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I’m not saying that everyone older than me should leave the business. I’m saying about 85% of the people older than me should leave the business. There are 9000 agents in Salt lake and 8000 of them are older than me. If 85% of them (6800) left the business there would still be 2200 agents in Salt Lake, which would still be 1000 too many, but it would be a good start. It’s been no secret that I think there are way too many agents and it’s too easy to enter the real estate field.

Competition=good.

People unwilling to learn new things=bad.

I know,  I should respect my elders. And being young doesn’t make someone more tech savvy or have more energy or better. That is why I’m not saying everyone older should leave- only 85% of them. There are 15% who continue to learn and evolve and understand new trends and have enough energy to work more than 2 hours a day and actually return phone calls. And I agree that just being young does not make someone more tech-savvy, but younger people can be slapped-around and molded more easily. And if they don’t cut it nobody really cares about kicking them out of the business so there’s less guilt when they leave.

Like it or not, admit it or not- real estate is in a state of flux right now. The industry is being forced to evolve and those who lead the charge and accept the new protocol of constant change will be those who lead. Others will follow, and others will be pushed out of the way. This is not only acceptable, this is healthy. Evolution is all about making way for newer, and more evolved breeds.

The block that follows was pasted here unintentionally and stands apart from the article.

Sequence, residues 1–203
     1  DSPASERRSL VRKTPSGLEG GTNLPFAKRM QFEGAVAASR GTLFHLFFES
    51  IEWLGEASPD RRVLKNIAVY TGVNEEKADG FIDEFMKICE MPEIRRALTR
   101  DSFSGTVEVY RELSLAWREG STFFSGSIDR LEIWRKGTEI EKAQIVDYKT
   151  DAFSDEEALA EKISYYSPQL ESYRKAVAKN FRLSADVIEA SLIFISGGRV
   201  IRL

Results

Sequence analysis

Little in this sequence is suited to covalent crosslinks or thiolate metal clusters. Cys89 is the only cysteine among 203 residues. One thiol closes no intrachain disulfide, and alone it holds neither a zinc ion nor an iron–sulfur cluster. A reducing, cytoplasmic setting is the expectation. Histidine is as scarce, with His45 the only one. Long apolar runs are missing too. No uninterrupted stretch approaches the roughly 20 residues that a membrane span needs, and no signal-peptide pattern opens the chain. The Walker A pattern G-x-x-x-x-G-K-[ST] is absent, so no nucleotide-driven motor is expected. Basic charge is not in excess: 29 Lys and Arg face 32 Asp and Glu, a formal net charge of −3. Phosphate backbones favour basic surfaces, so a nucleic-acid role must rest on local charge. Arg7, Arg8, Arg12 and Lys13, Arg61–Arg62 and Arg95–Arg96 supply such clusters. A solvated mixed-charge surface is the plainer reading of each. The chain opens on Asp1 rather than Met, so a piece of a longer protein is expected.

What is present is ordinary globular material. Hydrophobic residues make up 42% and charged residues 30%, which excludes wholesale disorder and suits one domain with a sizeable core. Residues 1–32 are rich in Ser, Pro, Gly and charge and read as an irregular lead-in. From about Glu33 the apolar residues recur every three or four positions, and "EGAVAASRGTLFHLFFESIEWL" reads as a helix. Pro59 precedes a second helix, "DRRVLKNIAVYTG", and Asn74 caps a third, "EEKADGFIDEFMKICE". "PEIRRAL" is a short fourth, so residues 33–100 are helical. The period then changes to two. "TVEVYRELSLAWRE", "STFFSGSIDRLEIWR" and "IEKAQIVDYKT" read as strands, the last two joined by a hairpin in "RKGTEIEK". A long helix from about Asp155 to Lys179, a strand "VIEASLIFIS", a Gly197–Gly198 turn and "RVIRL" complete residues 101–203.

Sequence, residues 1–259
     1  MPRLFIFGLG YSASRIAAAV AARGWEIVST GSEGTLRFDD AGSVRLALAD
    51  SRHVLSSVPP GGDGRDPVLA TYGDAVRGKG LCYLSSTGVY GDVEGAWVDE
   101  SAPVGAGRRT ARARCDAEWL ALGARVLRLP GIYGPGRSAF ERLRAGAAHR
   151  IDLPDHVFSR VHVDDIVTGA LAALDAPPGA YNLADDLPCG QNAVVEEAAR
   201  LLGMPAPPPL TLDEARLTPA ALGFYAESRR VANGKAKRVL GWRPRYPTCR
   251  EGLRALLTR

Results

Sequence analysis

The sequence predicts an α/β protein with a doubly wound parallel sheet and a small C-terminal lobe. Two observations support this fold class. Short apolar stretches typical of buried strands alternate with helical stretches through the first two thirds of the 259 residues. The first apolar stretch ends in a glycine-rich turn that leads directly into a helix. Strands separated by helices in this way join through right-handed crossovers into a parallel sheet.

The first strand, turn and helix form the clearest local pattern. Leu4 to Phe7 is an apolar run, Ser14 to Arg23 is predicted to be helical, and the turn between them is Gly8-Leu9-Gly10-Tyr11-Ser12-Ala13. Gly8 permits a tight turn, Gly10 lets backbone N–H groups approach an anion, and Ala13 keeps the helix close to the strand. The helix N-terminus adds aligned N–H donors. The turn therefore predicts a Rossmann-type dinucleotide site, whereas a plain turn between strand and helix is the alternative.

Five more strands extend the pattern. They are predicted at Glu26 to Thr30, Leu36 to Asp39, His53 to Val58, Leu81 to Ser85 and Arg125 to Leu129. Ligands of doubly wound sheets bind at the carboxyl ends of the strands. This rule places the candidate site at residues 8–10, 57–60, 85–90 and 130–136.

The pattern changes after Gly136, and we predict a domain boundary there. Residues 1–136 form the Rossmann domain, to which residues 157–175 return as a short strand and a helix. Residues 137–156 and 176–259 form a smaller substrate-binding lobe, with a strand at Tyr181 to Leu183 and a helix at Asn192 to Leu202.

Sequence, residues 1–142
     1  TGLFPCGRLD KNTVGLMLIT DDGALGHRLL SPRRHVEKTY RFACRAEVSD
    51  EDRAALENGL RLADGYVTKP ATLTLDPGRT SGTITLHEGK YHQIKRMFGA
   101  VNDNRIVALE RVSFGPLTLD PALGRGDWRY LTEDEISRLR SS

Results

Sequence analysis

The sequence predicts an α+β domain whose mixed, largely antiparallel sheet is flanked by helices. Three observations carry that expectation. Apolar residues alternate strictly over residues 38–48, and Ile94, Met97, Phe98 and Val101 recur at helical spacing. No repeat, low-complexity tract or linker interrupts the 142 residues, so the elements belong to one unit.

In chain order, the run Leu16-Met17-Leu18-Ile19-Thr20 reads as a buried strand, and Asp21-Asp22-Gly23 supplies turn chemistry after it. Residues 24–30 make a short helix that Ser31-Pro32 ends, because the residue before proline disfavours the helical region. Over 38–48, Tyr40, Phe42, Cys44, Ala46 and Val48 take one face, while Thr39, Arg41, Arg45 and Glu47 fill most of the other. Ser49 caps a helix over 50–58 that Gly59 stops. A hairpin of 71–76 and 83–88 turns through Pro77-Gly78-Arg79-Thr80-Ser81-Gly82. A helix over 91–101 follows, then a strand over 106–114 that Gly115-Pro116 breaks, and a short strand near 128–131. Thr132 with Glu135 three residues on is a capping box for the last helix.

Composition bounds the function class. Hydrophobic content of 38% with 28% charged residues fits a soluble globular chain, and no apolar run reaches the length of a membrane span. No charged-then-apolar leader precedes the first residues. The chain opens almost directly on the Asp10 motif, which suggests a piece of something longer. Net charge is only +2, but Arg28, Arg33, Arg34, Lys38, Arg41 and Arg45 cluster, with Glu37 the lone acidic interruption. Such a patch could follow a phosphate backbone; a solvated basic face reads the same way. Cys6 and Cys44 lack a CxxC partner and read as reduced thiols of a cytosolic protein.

Technology does not take the place of a relationship and it shouldn’t. Technology, when used properly,  should enhance it. I remember when I first got into the business they were just switching the MLS onto a computer. Previously it was just a big book. And I remember how much resistance there was to the change. They kept the book around for a while to help with the transition and I remember how most agents thought they book would always be around because nobody would want to drive to the office to look on a computer to find homes when they could just look in the book that they carried with them everywhere. This was only fourteen or fifteen years ago.

Tomorrow’s successful breed of Realtor will be heavily equipped with technology, a forward-thinking attitude, and a willingness to grow as they work diligently toward adding value for their clients. 85% of agents today do not want to grow and adapt and diligently work toward anything. 85% of agents today want to take their past or their extensive list of friends or their 40 hours of real estate schooling and sell enough homes in 2 hours/day to be successful. There are a lot of good people in the real estate business and hopefully those good people will evolve and stay in the business as it changes.

Prudential  Utah just made it mandatory for every listing to have a virtual tour because 60% of the agents weren’t taking photos of their listings or having any sort of photo tour posted. When I search for homes on the MLS many listings don’t have any photos other than the drive-by snapshot the MLS takes.

Consumer expectations are changing. There is more dicussion taking place between consumers and between consumers and agents. People demand value, and value is not the commission rate. Value is what someone gets in return for the price. It’s the whole experience. Consumer’s are moving online more and more every day and older techniques for marketing are becoming less effective. Those who want to be successful in this industry in ten years need to begin growing toward that today. Or move out of the way and watch as some of us lead the evolution.